Sheila confessed she hail not even
nought of It.
"Are not the MountVrry men milli
iei't?" she nske.l.
"This is pre eminently a case for an
istute detective," he said: "and I should
telegraph up at once to Scotland Yard,
'f I were you. As the alTair happened In
vonr grounds, of course, it would be
:'lensntiter for you to have it sifted thor
oughly." "You are quite right I" Sheila said,
wnnu'y, although she could have struck
'lini with her whip for daring to dictate
to her. "I will send up to London at
As she said this, the thought of Bever
ley Kochfort came into her mind, nud all
it once she determined to learn his ad
IrcsN from Mr. Thorngato. and telegraph
to him to send down a detective, why,
she could scarcely have told.
It was long before poor Audrey closed
her tins!, aching eyes that eventful night:
she had shed no more tears after that one
passionate outburst ; she felt tt much
pain and anxiety for this natural relief.
All she could think of was Jack Gloudur-
woo.I, lying alone in the bracken. Insen
sible, half murdered. She accepted her
mother's tender comfort, in a vague.
lreamy way. All the sudden joy and
pride that had sprung into being early
in the evening, as she listened to the story
of her birth, seemed to have vanished
beneath this great sorrow.
The sun was shining high In the heav
ens when she opened her eyes, and found
her mother bending anxiously over her.
Constance Fraser gained strength at sight
of her child's suffering. She was now
the strong, courageous woman ; she put
aside all her invalid ways, and rose su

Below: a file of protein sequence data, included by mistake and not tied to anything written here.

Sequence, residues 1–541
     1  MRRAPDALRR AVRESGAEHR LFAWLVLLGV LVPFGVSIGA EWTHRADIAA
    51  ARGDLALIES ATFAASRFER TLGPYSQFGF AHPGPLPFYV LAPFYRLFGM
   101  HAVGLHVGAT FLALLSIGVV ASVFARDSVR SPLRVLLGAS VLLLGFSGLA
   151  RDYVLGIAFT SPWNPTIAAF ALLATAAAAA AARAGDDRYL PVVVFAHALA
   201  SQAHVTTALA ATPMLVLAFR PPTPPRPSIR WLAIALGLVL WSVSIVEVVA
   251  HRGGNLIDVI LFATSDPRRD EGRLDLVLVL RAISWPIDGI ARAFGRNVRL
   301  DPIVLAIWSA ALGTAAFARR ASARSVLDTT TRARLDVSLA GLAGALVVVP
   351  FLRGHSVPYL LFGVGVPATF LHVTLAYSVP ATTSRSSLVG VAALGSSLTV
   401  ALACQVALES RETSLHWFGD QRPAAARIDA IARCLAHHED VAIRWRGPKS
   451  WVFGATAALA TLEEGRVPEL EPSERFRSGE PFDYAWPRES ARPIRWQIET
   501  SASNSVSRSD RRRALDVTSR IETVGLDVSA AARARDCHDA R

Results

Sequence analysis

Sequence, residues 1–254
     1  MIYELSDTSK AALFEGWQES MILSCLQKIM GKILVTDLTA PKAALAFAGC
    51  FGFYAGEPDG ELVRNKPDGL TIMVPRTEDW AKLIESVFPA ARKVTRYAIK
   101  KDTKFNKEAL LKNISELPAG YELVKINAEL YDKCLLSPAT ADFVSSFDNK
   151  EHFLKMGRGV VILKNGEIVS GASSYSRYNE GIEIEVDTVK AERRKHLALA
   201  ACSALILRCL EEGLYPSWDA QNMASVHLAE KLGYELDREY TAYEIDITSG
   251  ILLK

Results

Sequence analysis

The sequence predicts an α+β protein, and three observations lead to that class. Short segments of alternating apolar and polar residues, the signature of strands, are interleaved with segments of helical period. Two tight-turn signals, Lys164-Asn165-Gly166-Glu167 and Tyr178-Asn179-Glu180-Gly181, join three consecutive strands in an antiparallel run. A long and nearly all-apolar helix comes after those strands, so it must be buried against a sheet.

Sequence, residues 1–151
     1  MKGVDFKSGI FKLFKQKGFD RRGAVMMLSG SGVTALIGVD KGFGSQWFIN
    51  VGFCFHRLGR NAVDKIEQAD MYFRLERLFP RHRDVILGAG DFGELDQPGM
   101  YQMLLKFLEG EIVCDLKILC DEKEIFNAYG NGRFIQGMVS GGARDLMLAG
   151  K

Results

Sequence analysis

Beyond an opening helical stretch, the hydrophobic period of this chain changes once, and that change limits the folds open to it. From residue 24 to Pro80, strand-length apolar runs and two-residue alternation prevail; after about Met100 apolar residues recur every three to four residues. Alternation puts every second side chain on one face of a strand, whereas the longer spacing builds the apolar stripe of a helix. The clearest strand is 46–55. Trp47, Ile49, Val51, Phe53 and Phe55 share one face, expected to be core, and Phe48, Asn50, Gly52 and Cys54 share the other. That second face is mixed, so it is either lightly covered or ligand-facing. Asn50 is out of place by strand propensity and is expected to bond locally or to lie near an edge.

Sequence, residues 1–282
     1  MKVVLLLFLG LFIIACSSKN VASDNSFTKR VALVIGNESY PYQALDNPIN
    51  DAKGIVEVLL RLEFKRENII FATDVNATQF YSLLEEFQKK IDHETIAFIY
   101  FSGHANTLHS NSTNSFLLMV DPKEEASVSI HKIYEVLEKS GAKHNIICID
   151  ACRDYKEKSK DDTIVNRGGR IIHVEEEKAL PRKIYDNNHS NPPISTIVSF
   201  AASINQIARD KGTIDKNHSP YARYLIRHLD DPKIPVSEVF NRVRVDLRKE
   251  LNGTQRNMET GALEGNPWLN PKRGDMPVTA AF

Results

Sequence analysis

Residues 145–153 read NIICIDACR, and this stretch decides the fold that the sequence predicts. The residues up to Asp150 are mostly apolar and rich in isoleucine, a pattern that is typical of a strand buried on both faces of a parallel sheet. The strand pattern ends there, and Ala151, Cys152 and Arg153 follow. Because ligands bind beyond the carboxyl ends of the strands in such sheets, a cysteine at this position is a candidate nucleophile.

preme to the moment.
"Look after her well," she said to
Marshall, as she donned her outdoor gar
ments and prepared to drive over to
The duchess, proud, self-reliant, self-
possessed as she was generally classed
to be, was after all only an ordinary
woman, with a mother s heart beating
quick and strong in her breast. Her two
Ihjvs had been her darlings from the ear
liest days of their childhood ; she had nev
er been so fond or so proud of her one
daughter, who was too much like her
father in nature and character to prove
a comfort to the other parent.
The tenra came to the mother's eyes
as Constance Fraser, after speaking all
the consolation and sympathy she could
think of, mentioned the countess' name.
"I will stay with you till Gladys
comes," she said, gently; "I am sure
there is much I can do."
"Gladys will not come," the duchess
answered, quietly enough ; and then all
at once she broke down. "Oh, Con
stance! My dear! My dear!" she
moaned, "what shall I do if I lose both
my boys? Duncan's days are numbered
I know it only too well and Jack,
my bonny, my dear, good, noble Jack !"
Then Constance knelt beside her and
cheered her again.
"Y'ou are alarmed by this Insensibility;
it is nothing; it often happens with con
cussion of the brain. I prophesy that
in a week's time you will have Jack out
of bed, or very nearly so. Now I want